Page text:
October 4, 2010 / Perspective
Brett McCracken. Hipster Christianity: When Church and Cool Collide. Grand Rapids, MI: Baker Books, 2010. 255 …
January 5, 2012
Pastoral memoirs are not a genre in great demand. They don’t tend to make it to the New York Times Best Sellers list. After all, the pastoral vocation, some say, has fallen on hard times and Christian pastors writing about spirituality seem to have lost their influence in the marketplace of ideas. But there is an exception: Eugene Peterson, a man who has written successfully from the space of his pastoral life for over fifty years. In his new memoir, The Pastor, Peterson subversively challenges common notions of the pastoral calling and invites readers into a conversation with his life’s work and with those who have shaped that work—John of Patmos, Baron Von Hugel, John Cardinal Newman, Alexander Whyte, and dozens of parishioners, pastors, and friends. He lingers over these figures as he might a long cup of coffee, sharing their impact on his life and understanding with honest, thoughtful reflection in the way of one who is immersed in the stories of people, biblical text, and gospel.
Peterson does this by defying traditional vocational boundaries. He has published many books and courses, reads the Bible in both Greek and Hebrew, and translated a widely read version of the Bible called The Message. Does this make him a scholar? Throughout his life, Peterson has been compelled by the master plot of Jesus, and his memoirs show that he is convinced that the local church in all its flaws and humanity is the intended Spirit-given resurrection community through which the kingdom is given its shape in this world. So does this make him a disciple? For twenty-nine years he pastored a mainline church in Maryland. Does this make him a pastor? He served as a seminary teacher for many years. Does this make him an educator? It seems that Peterson is all of those things—scholar, disciple, pastor, educator—but always in the service of the church.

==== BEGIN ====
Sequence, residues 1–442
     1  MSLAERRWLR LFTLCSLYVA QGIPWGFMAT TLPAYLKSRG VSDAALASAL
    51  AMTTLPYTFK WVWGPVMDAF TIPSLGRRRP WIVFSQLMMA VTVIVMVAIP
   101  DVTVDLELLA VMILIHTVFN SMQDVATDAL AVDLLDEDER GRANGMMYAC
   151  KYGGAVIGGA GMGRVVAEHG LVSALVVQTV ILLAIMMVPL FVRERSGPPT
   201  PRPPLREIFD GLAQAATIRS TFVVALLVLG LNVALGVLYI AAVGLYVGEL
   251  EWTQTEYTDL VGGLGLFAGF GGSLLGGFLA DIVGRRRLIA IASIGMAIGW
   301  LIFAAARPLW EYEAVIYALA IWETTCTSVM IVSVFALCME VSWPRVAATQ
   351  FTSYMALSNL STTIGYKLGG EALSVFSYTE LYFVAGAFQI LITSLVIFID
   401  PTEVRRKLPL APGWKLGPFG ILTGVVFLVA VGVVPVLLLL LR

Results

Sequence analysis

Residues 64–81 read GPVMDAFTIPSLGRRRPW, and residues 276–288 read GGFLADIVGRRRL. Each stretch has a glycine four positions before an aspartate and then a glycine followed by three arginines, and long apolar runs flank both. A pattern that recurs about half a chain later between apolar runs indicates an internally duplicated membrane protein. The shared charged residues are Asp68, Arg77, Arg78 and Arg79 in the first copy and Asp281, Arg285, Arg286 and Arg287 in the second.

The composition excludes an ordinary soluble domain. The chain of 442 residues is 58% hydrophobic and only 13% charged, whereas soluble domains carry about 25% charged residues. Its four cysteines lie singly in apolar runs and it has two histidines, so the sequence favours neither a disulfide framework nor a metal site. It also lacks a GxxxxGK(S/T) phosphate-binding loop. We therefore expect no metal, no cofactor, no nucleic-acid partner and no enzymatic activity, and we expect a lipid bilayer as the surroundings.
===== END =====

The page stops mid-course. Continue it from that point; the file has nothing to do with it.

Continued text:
By serving simultaneously in these various capacities, Peterson has grown into one of the most important teachers for ministry and spirituality in our current era. I say this both in relation to his overall cultural impact and to the personal impact he has had on my own life. The cultural reason that Peterson has been so important is his raw courage and integrity. There is coherence and depth in his words, especially in the The Pastor, as he honors the great cloud of witnesses who preceded us and the ordinary people who have helped him in his own life. Peterson isn’t wed to expert witnesses who come through academics, publishing, and renown; he is open to the voices of all who are on the road of following Jesus, whatever their background may be. More than anyone in my life, I suppose, Peterson has taught me that there are no walls to the places or the people who can teach us to know God.
Peterson has also had a great personal impact on my life. But this may not be the kind of impact one might think. We have only spoken three or four times, corresponded infrequently, and never shared a cup of good coffee together. I don’t even know if he likes good coffee. And when we met, it didn’t go so well. I had just published a small book about the college experience and was taking a summer class from Peterson at Regent College. On a rainy Vancouver day we walked to his office and I asked some questions I had prepared. “How have you learned to see the world as you write about it,” I asked. “I don’t know,” he answered. “How do you write so prolifically when you are engaged in such an active ministry?” I asked. “I don’t know, I guess you just write a page a day, and at the end of a year, you have a book.” I was looking for something more. I longed for relationship with a mentor whose integrity infused his craft as writer and teacher and husband and father and friend.
I was disappointed in Peterson’s lack of interest in my questions, and yet he has remained a surprisingly steady presence in my life. I discovered that I didn’t need to sit at arm’s length to learn deeply from the man. I still have his writing. Through his stories, exegetical work, honesty, and skillful words he is a spiritual father to me. I honor him so deeply because I need to know there are men like him who don’t seem to have their finger in the wind of theological or ecclesial popularity. I honor him because I need to know there are men like him who practice “long obedience in the same direction,” a phrase Peterson borrows from Friedrich Nietzsche for the title of one of his books, instead of changing it up with the idea du jour.